It was a year ago tonight that we first arrived at Stanford via life flight. UCSF doesn’t have a pediatric heart transplant program and they felt that Hana was going to need one. They were right, although who could have predicted that we would wait ten months before listing her for transplant. I had never been more exhausted in my life than the night we arrived at Stanford. My body ached, I hadn’t slept, and then the worst part was the critical condition Hana was in. They talked to us about ECMO which is a type of heart and lung bypass life support system.
Hana never did have to go on ECMO but they had to he big sitting outside her room, waiting and ready, just in case. I’ll never forget hearing the words of the attending physician in the CVICU, “I’ll do whatever I can to save your daughter’s life.” Chills. Interestingly enough, when we first saw her again in the CVICU this past November she asked me if I remembered her and I told her, “Remember you? I couldn’t forget you.”
My dad flew in that night, my mom had arrived that morning. The social worker had reserved Paul and me a sleep room. When we finally crashed in the room. I could hear an awful noise that I kept imagining was feet running down the hall for an emergency. I kept looking out the door and down the hallway to see if they were running into Hana’s room, but all was quiet. (The noise was things moving in with he tube system.)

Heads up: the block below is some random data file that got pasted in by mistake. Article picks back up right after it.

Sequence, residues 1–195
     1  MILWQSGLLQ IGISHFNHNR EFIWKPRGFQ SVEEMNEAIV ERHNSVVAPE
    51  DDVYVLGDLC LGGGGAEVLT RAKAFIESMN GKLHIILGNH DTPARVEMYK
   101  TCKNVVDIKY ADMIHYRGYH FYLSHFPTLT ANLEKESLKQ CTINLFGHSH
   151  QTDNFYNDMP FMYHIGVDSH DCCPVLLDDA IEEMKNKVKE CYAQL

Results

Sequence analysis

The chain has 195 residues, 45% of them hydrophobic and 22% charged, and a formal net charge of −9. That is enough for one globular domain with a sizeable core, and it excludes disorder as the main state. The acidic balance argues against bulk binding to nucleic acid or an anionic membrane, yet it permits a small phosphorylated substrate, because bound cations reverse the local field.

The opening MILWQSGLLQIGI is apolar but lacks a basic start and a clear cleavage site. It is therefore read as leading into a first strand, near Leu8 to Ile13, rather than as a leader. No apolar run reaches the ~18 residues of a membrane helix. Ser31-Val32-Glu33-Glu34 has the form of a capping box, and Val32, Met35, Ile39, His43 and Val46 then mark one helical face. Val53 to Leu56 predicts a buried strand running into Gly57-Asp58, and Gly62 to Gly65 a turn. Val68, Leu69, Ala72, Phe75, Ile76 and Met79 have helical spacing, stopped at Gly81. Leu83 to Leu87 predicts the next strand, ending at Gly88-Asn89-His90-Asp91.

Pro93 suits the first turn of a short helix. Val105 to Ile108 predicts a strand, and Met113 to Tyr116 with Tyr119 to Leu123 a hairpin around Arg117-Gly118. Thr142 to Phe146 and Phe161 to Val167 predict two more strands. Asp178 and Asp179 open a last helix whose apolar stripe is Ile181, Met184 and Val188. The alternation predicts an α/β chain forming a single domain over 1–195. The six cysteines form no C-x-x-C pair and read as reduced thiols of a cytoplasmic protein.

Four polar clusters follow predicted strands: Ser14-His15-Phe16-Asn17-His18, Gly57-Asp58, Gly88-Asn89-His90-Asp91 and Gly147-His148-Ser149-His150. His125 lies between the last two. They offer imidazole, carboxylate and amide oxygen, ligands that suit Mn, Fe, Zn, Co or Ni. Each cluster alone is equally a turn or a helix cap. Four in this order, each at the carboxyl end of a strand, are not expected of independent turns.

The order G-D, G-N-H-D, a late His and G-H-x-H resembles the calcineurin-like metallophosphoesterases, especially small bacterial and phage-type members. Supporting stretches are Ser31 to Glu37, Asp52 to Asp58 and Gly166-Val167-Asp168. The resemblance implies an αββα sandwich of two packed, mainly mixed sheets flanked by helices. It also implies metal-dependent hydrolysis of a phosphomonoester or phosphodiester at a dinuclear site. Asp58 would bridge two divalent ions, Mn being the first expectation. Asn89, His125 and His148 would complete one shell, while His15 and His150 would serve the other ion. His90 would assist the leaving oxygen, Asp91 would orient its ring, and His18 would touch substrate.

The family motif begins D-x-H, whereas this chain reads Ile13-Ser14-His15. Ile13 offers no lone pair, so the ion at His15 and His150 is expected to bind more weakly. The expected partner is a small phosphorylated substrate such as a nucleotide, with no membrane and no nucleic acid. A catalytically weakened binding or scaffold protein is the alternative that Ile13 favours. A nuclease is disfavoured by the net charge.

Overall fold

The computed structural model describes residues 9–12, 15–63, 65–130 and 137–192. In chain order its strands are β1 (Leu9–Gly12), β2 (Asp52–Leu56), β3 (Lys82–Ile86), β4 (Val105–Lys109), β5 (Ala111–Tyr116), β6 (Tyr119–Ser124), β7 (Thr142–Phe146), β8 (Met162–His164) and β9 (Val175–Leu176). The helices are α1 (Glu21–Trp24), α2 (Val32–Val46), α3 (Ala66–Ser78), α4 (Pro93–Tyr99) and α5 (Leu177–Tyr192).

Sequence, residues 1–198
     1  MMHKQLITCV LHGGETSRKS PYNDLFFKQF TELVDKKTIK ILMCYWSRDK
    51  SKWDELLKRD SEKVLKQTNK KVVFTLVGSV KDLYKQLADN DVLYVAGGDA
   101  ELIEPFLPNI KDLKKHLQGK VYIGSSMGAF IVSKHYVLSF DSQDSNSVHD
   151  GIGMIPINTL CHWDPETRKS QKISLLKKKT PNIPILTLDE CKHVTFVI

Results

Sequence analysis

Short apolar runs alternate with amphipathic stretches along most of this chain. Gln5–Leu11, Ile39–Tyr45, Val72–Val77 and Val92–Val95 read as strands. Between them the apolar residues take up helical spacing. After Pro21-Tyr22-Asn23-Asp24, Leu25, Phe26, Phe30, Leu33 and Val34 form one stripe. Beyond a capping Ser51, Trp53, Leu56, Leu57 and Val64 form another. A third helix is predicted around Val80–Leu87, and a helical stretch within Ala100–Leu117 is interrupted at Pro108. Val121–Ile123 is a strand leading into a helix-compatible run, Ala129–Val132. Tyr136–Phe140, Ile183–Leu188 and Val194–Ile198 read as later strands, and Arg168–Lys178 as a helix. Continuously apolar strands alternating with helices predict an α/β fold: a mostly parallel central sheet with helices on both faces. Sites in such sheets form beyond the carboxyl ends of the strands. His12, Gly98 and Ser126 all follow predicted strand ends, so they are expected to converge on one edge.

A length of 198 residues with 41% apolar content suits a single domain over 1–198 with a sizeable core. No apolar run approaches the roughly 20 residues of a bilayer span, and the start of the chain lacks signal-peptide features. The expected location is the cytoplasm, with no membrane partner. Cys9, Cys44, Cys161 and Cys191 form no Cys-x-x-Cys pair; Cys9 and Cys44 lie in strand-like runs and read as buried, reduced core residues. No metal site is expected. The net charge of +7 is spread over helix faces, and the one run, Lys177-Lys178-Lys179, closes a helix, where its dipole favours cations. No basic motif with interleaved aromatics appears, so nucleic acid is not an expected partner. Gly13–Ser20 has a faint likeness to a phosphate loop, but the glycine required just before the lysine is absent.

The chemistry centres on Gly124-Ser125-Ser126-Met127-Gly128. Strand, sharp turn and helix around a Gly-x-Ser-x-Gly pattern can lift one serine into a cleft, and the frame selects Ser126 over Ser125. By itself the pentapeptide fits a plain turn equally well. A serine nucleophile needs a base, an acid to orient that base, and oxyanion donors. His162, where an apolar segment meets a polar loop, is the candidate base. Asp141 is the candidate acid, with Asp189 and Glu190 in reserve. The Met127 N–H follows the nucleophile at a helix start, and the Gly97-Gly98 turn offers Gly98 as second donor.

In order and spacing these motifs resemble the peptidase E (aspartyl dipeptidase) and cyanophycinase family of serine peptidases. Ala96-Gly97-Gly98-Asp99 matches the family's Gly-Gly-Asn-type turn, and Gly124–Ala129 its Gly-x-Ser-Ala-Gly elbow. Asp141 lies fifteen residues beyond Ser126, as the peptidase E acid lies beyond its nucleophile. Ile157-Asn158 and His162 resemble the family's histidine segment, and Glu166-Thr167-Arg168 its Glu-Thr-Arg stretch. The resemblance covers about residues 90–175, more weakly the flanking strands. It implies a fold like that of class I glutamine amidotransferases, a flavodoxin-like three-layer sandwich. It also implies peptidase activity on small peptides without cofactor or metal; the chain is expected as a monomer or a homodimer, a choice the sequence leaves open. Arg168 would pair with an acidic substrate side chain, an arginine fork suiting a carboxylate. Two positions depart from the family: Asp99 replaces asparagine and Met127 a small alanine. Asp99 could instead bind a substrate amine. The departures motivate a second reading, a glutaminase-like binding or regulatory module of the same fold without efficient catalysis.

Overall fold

Now we are here. Things are so different but we are here at Stanford on this day again. Today they decided to stop Hana’s Berlin Heart pump while doing an echocardiogram. I was nervous. There were two heart failure cardiologists (including one of the Berlin Heart experts), a heart failure fellow, the VAD nurse practitioner, the echo tech and the bedside nurse. The fellow operated the Berlin Heart hand pump, manually pumping while the tech took her images. Then they stopped hand pumping for three seconds. Then they started hand pumping again and then hooked the drive line back into the ikus. Hana didn’t even seem to notice. They wanted to see how well her heart would function on its own without the help of the pump. I don’t yet know the results.
It was otherwise another good day! Hana even tried some chocolate that we received in a package! We also got the official clearance to move about the third floor without a nurse! We had to sign a contract acknowledging the new rules of this arrangement (in some countries people are going home on the Berlin Heart!) but the new freedom will be nice!
Our surprise that the VAD (ventricular assist device) nurse practitioner has been working on won’t be ready until Tuesday – stay tuned!
86 days in the hospital, 67 days post-Betlin Heart, 59 days on the transplant list.